Blanche Lincoln: Independent contractors feeling squeeze of regulations

BY BLANCHE LINCOLN Published: October 12, 2013
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Independent contractors are the quiet engine of Oklahoma's economy. We value employment by large enterprises, but nearly all net growth in U.S. jobs over the last 30 years has been created by small startups, which include independent contractors. The economic survival of the 10.3 million people who choose to be their own bosses and grow their own businesses is being jeopardized by overwhelming regulations at the national level and here in Oklahoma.

It's My Business is a new coalition of individuals and organizations who support the rights of independent contractors. The aim is to give a voice to the millions of people who have chosen to build their own businesses. The nation's workforce is undergoing fundamental change to more flexible, entrepreneurial work. It's critical to raise awareness about the vital economic contribution of independent contractors. We want to put a spotlight on the numerous legal and regulatory threats making it more difficult for them, and the businesses they support.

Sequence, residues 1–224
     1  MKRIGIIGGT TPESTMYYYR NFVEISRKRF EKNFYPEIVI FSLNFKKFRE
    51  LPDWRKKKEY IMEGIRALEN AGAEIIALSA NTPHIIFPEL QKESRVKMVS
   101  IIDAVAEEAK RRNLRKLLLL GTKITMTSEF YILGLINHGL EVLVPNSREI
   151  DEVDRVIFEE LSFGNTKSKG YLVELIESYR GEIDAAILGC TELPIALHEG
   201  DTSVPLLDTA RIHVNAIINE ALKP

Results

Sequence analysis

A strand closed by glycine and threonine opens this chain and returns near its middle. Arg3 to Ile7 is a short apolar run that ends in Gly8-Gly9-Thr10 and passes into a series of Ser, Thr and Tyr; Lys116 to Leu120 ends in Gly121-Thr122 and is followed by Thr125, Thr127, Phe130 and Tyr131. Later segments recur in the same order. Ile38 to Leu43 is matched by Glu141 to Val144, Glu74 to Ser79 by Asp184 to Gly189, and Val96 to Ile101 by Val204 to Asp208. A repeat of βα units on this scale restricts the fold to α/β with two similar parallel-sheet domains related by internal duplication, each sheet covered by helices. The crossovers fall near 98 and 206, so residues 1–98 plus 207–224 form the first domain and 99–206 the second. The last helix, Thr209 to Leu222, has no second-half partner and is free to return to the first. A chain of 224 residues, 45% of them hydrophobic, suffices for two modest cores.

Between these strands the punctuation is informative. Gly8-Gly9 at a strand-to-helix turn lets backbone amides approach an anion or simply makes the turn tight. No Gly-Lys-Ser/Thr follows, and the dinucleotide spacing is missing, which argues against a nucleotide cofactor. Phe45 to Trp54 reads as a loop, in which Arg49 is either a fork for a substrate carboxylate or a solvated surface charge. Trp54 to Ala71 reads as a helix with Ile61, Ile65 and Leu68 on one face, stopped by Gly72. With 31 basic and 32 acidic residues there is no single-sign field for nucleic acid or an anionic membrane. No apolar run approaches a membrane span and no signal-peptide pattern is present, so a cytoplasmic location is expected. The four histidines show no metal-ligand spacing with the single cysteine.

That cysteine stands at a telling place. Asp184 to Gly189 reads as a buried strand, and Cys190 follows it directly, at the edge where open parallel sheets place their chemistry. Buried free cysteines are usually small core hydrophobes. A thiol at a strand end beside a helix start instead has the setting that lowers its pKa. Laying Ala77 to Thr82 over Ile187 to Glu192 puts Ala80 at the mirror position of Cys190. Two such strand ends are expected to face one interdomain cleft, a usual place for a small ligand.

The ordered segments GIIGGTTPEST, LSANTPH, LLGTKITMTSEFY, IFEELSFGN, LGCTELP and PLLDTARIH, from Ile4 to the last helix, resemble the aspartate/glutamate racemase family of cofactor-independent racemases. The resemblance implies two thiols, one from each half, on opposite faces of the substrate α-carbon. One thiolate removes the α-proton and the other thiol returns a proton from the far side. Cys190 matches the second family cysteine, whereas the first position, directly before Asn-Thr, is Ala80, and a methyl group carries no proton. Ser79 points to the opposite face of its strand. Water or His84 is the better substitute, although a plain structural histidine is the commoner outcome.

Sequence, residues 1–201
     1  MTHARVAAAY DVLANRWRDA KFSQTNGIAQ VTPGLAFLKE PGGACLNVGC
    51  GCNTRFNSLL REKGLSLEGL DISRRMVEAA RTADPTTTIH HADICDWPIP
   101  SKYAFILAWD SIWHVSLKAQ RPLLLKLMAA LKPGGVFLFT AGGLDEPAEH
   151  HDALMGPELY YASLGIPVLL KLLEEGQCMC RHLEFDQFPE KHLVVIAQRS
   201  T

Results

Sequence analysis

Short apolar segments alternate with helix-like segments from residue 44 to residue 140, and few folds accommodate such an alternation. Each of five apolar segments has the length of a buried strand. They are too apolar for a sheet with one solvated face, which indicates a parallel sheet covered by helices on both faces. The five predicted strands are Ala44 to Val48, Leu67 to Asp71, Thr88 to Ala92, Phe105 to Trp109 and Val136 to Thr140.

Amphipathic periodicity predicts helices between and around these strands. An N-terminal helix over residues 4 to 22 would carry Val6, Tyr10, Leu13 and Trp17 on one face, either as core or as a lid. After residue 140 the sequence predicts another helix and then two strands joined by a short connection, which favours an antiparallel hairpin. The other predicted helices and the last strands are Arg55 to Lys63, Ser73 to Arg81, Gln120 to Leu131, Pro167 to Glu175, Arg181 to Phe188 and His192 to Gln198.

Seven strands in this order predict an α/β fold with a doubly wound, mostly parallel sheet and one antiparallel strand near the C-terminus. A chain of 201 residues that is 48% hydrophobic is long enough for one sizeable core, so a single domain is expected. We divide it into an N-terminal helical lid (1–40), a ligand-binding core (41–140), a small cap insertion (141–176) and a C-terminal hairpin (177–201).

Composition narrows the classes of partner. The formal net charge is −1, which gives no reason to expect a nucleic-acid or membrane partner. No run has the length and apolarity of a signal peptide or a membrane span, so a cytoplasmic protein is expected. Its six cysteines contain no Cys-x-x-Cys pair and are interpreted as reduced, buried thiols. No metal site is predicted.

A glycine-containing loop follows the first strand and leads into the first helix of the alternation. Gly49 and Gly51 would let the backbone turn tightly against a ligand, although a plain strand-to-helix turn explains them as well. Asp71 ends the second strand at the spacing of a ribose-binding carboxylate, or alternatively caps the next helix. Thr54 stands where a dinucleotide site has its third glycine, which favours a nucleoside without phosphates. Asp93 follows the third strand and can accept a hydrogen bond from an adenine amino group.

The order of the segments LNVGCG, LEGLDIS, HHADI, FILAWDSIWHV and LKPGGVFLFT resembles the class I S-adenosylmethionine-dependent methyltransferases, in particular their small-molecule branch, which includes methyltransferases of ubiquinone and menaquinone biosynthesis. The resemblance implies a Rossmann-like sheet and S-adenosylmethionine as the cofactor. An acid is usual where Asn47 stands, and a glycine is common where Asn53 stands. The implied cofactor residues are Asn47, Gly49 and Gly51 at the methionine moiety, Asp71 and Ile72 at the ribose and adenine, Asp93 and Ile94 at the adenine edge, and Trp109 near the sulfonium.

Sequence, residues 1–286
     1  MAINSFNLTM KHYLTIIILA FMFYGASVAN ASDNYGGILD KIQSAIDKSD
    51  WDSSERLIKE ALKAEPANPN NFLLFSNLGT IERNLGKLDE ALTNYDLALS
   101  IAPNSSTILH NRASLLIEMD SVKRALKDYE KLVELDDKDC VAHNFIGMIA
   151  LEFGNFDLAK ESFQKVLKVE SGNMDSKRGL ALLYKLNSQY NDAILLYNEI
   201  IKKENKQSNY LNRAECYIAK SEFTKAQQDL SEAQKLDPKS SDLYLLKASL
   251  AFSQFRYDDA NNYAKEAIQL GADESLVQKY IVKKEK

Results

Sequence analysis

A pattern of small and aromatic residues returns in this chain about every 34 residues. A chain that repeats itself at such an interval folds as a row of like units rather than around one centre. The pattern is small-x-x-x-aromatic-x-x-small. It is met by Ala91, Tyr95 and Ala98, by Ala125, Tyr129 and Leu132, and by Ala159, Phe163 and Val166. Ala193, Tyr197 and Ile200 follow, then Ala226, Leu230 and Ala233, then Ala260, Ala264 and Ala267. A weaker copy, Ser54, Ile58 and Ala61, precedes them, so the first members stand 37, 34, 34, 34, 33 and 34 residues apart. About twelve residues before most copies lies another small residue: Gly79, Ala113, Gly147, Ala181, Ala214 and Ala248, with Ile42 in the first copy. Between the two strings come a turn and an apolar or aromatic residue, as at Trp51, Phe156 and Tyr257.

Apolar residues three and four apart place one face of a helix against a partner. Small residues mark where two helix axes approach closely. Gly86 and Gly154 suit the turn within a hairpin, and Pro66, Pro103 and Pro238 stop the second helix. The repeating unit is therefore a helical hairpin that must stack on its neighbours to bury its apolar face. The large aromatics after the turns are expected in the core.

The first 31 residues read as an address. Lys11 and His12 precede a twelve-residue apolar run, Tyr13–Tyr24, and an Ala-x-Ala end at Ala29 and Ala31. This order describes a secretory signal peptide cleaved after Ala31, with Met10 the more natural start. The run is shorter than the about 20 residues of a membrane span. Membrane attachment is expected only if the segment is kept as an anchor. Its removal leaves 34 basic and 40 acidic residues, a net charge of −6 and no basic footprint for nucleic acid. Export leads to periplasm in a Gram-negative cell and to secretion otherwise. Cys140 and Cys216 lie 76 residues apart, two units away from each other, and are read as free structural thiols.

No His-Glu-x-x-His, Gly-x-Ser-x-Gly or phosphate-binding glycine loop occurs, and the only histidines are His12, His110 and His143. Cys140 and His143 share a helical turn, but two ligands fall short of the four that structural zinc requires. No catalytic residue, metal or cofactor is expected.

At the state level, more than half of the states have approved or proposed new laws restricting independent contracting arrangements. Several others have also formed task forces increasing audits and prosecutions of independent contractors and clients.

Oklahoma has a long tradition of being friendly to small business. However, new regulations make it harder for independent contractors and their clients to work together. Businesses can't afford these types of regulations; independent contractors who want flexibility and freedom can't afford to be boxed in by “one size fits all” employment.

On the national front, the federal government has allocated $25 million for a joint IRS-Department of Labor initiative making it harder, if not illegal, for independent contractors and their clients to work together. These new regulatory actions are based largely on misinformation about the individuals who exercise the right to work for themselves and ignore the vital role they play in Oklahoma's economy.

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